When asked why she chose to volunteer with 4-H Sheeja expressed, “I feel strongly about using my time and any talent or resources that I have for things beyond self and family. Over the years this is a commitment we have shared as a family. That’s what keeps me motivated to volunteer in general.” Missy shared, “I enjoy volunteering with the 4-H Leadership Club because I am encouraged by the drive, teamwork, empathy, and respect the youth show for themselves, for each other, their community, and their world.”
Volunteer, Sheeja, stands with Allison, 4-H Agent, and Bobby, guest
Leadership Club took on a major project this year with the guidance of Sheeja and Missy. This project was the Leon County 4-H Olympics. At the first club meeting, the members decided they wanted to host a brand-new event called the 4-H Olympics. Sheeja and Missy embraced the idea and successfully guided the members through the planning process. Each member had a specific role and all major decisions were the result of a group vote. During the “411 Teen Talk” radio show on WFSU, club member Stephen Hayes stated the most important thing he has learned from Leadership Club this year is how to work with people who have different ideas. Sheeja and Missy made sure that each club member had a voice in the planning process and during the day of the event. In an effort to raise money for the 4-H Olympics, Sheeja spent an entire Saturday with a few club members hosting a bake sale at the Leon County 4-H/Tropicana Speech Contest. The two club leaders were able to secure a guest motivational speaker during the event, which made the day even more special.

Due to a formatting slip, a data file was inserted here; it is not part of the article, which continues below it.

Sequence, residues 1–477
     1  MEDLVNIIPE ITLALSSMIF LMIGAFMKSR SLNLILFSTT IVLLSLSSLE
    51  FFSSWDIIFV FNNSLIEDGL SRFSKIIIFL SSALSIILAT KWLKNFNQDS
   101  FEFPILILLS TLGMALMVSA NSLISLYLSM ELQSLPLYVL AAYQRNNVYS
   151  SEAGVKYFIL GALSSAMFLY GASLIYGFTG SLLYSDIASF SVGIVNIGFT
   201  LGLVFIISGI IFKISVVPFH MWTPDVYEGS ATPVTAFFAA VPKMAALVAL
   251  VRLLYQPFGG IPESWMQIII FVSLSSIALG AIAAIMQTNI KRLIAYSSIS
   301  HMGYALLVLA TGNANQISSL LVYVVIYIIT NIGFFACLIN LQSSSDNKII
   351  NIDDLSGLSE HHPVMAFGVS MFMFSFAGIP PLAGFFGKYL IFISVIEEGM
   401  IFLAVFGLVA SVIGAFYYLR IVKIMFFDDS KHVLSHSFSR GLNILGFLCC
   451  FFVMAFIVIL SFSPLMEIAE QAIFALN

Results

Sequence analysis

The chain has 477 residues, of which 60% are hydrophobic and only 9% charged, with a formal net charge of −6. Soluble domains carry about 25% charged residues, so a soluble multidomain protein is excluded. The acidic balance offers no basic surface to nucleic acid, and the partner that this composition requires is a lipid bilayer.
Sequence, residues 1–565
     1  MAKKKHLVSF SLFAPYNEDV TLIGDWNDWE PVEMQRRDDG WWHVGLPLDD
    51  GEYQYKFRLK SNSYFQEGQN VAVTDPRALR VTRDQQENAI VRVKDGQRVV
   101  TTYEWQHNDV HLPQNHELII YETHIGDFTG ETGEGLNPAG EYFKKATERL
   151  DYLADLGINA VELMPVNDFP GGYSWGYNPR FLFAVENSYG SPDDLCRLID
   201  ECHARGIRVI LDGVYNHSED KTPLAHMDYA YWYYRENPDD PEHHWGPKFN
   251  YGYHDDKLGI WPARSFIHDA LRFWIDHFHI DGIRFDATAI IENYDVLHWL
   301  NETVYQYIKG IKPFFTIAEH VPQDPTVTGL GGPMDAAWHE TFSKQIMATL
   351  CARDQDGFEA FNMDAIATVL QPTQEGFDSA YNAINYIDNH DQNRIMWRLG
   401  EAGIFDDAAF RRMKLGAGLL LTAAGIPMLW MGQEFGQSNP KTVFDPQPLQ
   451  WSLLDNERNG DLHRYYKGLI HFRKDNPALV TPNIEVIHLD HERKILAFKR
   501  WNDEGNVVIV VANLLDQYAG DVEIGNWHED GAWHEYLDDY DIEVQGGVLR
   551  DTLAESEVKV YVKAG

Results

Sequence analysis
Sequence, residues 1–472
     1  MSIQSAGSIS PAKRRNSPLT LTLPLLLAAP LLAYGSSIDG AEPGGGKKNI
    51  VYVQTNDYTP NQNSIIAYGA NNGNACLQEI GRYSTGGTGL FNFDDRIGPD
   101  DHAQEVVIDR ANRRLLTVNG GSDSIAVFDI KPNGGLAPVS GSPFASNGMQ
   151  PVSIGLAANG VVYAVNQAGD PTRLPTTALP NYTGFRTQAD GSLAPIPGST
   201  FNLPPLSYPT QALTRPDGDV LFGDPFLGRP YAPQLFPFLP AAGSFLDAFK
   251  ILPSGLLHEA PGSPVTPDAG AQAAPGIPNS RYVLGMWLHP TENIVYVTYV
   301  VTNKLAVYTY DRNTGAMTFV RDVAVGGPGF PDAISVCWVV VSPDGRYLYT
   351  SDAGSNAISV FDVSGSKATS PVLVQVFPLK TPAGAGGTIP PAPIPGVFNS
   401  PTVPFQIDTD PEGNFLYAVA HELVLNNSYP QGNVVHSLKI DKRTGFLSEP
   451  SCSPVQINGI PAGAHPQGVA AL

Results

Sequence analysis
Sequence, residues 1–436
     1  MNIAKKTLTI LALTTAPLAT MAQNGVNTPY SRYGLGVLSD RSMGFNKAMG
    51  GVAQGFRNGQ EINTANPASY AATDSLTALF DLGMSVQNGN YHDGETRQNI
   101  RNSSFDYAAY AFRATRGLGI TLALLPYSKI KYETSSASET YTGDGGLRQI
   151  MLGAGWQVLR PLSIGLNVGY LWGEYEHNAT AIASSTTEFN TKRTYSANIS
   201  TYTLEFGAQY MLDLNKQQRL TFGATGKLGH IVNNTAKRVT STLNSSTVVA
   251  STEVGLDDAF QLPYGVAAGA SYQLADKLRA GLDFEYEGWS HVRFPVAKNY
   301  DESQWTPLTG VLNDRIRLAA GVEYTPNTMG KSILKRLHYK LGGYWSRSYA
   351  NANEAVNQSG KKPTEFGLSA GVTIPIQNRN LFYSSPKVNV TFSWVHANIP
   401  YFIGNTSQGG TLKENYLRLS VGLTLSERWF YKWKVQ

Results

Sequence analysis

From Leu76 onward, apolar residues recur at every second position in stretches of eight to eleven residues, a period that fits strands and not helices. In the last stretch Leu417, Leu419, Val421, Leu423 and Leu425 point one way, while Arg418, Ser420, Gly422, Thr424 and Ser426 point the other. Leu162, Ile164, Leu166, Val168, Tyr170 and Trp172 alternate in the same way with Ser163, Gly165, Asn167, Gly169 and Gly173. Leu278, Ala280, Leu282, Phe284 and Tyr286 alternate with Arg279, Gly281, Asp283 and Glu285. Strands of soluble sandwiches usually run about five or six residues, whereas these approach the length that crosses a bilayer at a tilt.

Club members after the 4-H Olympics
The first Leon County 4-H Olympics was a success and that could not have been accomplished without the two wonderful volunteer club leaders, Sheeja and Missy. They exemplify what it means to be a 4-H volunteer by growing true leaders in their community. Sheeja expressed “I thought the 4-H club would be a great avenue to work with youth and impact their lives in whatever little way I can in areas of life that will be important to them as they become young adults. This includes leadership, public speaking, being collaborative and team-players.”
Leon County 4-H is looking forward to see where Sheeja and Missy take Leadership Club next year!
To all of the volunteers in the district, thank you for all you do. Learn more about volunteering with Florida 4-H or contact your local UF/IFAS Extension to learn about 4-H in your county.
by Jena Gilmore | Nov 15, 2019
November is National Role Model Month
4-H Volunteer Dedication: A Decade and Counting